WASHINGTON — The White House said Tuesday it was confident Europe had the ability and will to tackle its debt crisis and said there was “no question” events across the Atlantic could impact the US economy.
Officials in Washington are eyeing events in Europe as fears mount that a banking or sovereign debt crisis could further slow the stalled US economy, which failed to create any net jobs last month.
“The Europeans face a difficult challenge, but we believe they have both the ability and the will to meet their obligations,” White House spokesman Jay Carney said.
Carney said that President Barack Obama’s top aides were in regular contact with European financial leaders, including Treasury Secretary Timothy Geithner, who will be in France for a meeting of G8 finance ministers at the weekend.
Ahead of Obama’s major speech on job creation to a joint session of Congress on Thursday, Carney acknowledged that outside factors were impacting the US economy that the White House could not control.
“There is no question that there is an impact,” he said.
“We have some role with our European counterparts, but it is not completely within our control,” Carney said.
Obama has frequently cited the European debt crisis, along with the Japanese earthquake and tsunami disaster and turmoil sparked by the Arab Spring as among the factors that have caused US economic growth to slow in recent months.
England pubs reopen on US Independence Day — after first nationwide closure since 1665’s Great Plague
The streets of Soho filled with merry drinkers in London on Saturday and the pubs of Manchester were packed as England's hospitality sector returned from a three-month coronavirus hiatus.
"It feels amazing," said Leo Richard Bill, a soldier, after getting through the door of one of London's buzziest restaurants on the Thames River's popular south bank.
"It’s been what, like three months since... me and everyone else haven’t been able to get outside and have a good time. So yeah, it feels good to get amongst it," he said.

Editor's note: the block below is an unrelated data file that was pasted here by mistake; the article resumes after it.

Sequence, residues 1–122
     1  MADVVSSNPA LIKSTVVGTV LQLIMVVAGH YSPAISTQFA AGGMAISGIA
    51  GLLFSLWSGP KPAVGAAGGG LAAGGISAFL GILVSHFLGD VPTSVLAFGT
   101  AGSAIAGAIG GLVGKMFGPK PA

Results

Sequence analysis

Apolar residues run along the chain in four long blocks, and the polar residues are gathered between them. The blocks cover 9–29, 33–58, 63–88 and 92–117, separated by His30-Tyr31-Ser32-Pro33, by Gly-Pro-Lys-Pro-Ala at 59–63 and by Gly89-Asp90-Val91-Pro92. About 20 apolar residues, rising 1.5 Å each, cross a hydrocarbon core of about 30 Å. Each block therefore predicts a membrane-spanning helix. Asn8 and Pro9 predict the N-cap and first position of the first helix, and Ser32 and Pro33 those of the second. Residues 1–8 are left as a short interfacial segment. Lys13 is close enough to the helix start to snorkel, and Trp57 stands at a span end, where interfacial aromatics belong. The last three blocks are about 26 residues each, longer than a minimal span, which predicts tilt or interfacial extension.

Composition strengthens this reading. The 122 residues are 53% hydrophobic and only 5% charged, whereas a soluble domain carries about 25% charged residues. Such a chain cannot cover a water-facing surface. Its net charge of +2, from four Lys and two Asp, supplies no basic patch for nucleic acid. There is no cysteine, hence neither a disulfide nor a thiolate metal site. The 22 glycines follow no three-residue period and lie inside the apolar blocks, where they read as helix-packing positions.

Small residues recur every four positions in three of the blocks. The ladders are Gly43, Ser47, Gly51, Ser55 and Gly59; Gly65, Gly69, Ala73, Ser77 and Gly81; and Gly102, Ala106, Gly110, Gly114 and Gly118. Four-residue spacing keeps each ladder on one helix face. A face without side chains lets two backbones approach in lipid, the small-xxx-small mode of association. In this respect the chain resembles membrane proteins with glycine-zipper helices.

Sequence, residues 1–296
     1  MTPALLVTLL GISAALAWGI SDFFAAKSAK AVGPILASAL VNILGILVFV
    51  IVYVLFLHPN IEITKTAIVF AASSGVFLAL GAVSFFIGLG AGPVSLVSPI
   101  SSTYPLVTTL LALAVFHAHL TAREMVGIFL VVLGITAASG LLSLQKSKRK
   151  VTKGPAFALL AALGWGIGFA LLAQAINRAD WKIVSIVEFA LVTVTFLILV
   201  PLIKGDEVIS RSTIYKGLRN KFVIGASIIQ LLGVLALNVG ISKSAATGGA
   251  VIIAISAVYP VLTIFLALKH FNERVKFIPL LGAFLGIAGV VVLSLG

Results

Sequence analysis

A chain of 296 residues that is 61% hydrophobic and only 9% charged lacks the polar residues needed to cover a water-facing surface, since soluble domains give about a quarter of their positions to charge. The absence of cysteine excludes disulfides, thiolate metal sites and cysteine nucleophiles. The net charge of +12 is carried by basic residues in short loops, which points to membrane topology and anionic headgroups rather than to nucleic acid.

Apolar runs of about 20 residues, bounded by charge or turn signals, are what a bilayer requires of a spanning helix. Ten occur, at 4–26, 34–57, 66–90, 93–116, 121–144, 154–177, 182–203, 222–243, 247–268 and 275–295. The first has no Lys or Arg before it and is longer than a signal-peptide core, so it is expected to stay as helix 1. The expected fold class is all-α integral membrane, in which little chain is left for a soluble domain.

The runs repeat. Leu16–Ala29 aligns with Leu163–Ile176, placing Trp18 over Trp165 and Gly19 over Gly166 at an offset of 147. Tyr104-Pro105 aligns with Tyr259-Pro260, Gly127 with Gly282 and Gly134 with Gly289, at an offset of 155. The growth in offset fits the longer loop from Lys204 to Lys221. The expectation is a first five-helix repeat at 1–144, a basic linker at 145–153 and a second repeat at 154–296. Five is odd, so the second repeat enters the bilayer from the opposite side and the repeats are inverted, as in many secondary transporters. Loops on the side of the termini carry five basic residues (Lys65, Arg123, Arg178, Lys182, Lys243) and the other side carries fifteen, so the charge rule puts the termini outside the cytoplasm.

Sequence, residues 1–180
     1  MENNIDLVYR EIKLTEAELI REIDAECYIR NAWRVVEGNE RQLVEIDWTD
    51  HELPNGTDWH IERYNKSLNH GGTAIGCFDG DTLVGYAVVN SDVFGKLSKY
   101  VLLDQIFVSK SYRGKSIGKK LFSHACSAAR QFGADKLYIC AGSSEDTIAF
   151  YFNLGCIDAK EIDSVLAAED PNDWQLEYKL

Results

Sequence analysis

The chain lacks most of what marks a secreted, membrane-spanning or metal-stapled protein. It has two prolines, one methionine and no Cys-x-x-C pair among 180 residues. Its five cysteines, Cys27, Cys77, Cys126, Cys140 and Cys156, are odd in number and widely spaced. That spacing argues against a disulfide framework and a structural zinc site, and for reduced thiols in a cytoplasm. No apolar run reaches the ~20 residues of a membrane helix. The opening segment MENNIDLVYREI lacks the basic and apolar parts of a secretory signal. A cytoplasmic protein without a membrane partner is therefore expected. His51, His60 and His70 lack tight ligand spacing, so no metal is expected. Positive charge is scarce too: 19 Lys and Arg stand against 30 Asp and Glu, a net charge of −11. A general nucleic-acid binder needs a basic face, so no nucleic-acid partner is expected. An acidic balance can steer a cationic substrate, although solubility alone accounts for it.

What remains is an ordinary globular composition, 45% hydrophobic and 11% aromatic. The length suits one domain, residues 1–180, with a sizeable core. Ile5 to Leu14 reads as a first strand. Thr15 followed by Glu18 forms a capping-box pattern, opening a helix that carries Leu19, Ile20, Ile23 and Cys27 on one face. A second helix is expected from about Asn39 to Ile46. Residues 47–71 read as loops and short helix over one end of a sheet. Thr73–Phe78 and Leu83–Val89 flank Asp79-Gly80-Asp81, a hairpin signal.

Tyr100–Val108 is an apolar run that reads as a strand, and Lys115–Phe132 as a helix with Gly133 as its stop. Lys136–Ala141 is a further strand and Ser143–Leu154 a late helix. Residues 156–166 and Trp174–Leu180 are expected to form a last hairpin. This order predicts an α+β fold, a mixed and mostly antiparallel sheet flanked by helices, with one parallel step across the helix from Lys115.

Parts of London and other cities, deserted during lockdown, sprang to life as people dressed up and came out for "Super Saturday" -- the day England's hospitality sector reopened for the first time since March.
Experts say coronavirus is spreading through ‘airborne transmission’ — and there could be major implications
The World Health Organization was warned in an open letter sent by 239 scientists from 32 countries that COVID-19 is being spread through airborne transmission, The New York Times reported Saturday.
"If airborne transmission is a significant factor in the pandemic, especially in crowded spaces with poor ventilation, the consequences for containment will be significant. Masks may be needed indoors, even in socially distant settings. Health care workers may need N95 masks that filter out even the smallest respiratory droplets as they care for coronavirus patients," the newspaper explained. "Ventilation systems in schools, nursing homes, residences and businesses may need to minimize recirculating air and add powerful new filters. Ultraviolet lights may be needed to kill viral particles floating in tiny droplets indoors."
Paris’s Louvre reopens on Monday after lockdown losses of ‘over €40 million’
The Louvre in Paris, the world's most visited museum and home to the Mona Lisa, reopens on Monday but with coronavirus restrictions in place and parts of the complex closed to visitors.
The Louvre has been closed since March 13 and this has already led "to losses of over 40 million euros," its director Jean-Luc Martinez said.
Among more than 10 million visitors in 2018, almost three-quarters were tourists.
"We have lost 80 percent of our public. Seventy-five percent of our visitors were foreigners," Martinez said.